Hi I am 37 years old and found out in april that I have Hep c.
In July we did a biopsy and found out I also have cirrhosis. I had not started the interferon treatment because there was a study coming up in sept that my doc said would be great for me and that i had plenty of time to wait. In sept. we did an MRI. They said I have liver cancer and sent me to a surgeon to discuss my options. The only option discussed was a resection. pretty simple. My surgery was scheduled for three weeks later, I had surgery, when I woke up I had not had a resection. Instead, they did an RFA. I'm thinking what's that! I looked under the gown and saw a 13 inch insicion. OH MY GOD! I was devastated! What happened to this simple procedure? I now am suffering from ascities do to the surgery and cirrhosis. Well the team came in and explained to me that all of my liver tests showed no concern, BUT, when they opened me and saw how damaged my liver was they had no choice but to do the ablation. My surgeon said that I would start the interferon treatment two weeks following my discharge. Well, 7 weeks later my hepatologist said, sorry we can not do the interferon treatment. We must do a liver transplant and then hopefully do treatment after the transplant. My surgeon wants to put me on the waiting list but doesn't want to except a liver until my liver is close to failing.I am freaking out! Does anyone have any wisdom to share, experiences advice on 2nd opinions? ANYTHING AT ALL! I'm still trying to cope with the fact that i have hep c. Oh also, my biopsy came back, it wasn't cancer! ~~~Sincerely
I forgot to mention that i have geno type 1, viral load of 1,700,000. I have never been more than a social drinker of wine coolers or coconut rum and pineapple juice at best. No alcohol at all now! I don't do drugs. I quit smoking 8 weeks ago (yeah!) I am on a low sodium diet of no more than 2000 milligrams and taking diuretics. If there is any other info needed for someone to respond, please let me know. Thank you!
Thank you both! I have felt so alone and not knowing what to do has really exhausted me. I changed hepatologists after surgery and he agrees to not doing treatment until after a transplant. Every time I go to the doctor or surgeon they say something different! Has anyone else had any experiences like this? Or have had to change doctors? Thanks again! I am glad to know that you both are doing well! :o)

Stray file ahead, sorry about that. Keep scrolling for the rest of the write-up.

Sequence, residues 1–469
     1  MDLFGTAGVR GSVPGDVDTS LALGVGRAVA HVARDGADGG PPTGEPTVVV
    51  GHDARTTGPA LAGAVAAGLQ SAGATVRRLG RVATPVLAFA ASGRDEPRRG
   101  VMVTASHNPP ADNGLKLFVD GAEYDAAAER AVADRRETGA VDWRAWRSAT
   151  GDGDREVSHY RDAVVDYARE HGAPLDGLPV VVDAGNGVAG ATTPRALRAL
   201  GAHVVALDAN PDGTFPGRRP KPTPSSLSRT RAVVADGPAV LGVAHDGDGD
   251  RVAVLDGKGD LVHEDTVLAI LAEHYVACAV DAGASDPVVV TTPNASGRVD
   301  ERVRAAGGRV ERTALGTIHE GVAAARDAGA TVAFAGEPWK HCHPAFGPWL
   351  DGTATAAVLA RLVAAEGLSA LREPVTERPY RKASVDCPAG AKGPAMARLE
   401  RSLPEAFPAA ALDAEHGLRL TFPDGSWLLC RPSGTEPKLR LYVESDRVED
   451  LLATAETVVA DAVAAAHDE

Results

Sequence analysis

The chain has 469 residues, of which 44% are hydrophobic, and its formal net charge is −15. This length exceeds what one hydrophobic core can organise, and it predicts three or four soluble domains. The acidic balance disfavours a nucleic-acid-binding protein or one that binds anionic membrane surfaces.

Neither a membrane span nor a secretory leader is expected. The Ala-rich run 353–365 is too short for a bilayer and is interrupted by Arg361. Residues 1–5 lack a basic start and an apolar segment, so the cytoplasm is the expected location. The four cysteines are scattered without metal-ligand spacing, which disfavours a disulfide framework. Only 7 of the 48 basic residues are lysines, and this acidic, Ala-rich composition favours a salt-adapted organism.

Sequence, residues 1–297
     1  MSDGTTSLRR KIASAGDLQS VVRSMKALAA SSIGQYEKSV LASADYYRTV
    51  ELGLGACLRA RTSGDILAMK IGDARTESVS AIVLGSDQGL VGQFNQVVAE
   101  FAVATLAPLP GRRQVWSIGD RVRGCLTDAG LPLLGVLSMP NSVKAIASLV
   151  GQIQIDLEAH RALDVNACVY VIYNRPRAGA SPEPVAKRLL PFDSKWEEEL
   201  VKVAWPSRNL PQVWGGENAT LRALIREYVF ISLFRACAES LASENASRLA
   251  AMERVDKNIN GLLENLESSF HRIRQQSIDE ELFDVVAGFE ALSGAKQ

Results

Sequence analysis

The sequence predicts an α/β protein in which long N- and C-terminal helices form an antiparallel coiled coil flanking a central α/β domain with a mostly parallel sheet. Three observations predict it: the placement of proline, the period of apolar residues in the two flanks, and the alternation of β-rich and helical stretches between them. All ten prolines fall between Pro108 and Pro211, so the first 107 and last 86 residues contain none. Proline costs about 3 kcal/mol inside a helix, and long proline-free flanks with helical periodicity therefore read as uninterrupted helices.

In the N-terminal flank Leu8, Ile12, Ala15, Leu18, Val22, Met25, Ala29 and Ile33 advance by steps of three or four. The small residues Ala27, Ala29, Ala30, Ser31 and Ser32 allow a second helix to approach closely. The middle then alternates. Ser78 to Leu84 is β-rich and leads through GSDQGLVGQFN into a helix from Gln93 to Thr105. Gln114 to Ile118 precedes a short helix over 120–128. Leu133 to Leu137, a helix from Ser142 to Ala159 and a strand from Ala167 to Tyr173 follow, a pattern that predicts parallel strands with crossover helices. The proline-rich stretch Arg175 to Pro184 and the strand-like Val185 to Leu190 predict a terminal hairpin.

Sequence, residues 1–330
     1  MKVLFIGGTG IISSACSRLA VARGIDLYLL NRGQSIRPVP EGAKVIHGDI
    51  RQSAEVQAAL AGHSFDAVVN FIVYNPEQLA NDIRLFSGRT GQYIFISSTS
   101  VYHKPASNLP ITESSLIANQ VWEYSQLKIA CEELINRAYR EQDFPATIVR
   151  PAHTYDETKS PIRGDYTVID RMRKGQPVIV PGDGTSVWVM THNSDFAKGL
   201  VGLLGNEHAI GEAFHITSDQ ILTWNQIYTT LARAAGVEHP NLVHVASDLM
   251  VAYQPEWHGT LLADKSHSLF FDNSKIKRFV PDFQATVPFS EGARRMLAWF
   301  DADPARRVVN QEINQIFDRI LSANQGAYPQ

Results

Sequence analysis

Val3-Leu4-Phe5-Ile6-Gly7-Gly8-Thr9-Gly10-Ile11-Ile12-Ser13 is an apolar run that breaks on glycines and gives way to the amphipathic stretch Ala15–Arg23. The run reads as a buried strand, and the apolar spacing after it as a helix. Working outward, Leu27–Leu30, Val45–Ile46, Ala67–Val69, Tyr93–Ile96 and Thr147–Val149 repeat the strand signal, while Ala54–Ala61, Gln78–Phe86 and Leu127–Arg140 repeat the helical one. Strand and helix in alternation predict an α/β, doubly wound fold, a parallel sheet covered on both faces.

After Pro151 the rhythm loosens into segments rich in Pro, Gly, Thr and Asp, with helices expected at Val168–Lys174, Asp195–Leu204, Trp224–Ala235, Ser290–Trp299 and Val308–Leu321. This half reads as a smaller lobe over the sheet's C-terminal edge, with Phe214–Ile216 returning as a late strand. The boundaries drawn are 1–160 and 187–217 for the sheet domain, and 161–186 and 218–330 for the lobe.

I have been thinking about your post since yesterday and I have trouble making sense out of it. If I understand you correctly you did not have liver cancer. Assuming that you didn't have liver cancer what was the reason for the RFA. I also believe that the majority of RFAs are done laparoscopically and less frequently through open surgery. My understanding is that RFA is a technique to ablate tumors so I wonder what they removed. I guess you could have had a benign tumor but that sounds unlikely to me especially if you have advanced cirrhosis as they have indicated. Then the suggestion ,if I am reading your post correctly, that you need a transplant but he wants you to wait makes absolutely no sense to me. If you live in the USA liver transplants don't work like that. If you qualify to get listed for transplantation you get listed at a center near you and you wait. The center scores you according to a formula which factors in clotting time, creatinine and bilirubin. That is called a MELD score and it is that score that dictates if and when you will get a liver. I've never heard of anything like this - "you need a transplant and interferon isn't appropriate but I want you to wait until you really need a liver". That doesn't make any sense to me and if I were you I would try to get another opinion as soon as I could. I'm thinking that you do not live in the USA. It just doesn't sound right. Ablation is used to treat tumors and yet you didn't have cancer. Generally RFA is done laparoscopically (remember they didn't think your liver was so bad when they opened you for resection) but decided to ablate when they opened you. I haven't heard of ablating cirrhotic tissue so I am left to wonder what they were trying to ablate. Then the transplantation advice seems strange to say the least. I'm no doctor but I would definitely try to get a better understanding of 1)what was done durring surgery 2)what they were tryng to accomplish since your biopsy was negative for malignancy and 3)what is the procedure for transplantation at the center where you are being seen. And, of course, I would get another opinion. Good luck. Mike
Unfortunately I can believe it. These guys often act like our time isn't worth a cent. When I practiced law I had the "good" fortune to be involved in some divorce cases and believe me the doctors were the most impatient and demanding clients I ever had. I sort of enjoyed letting them wait - I hate to admit that. Mike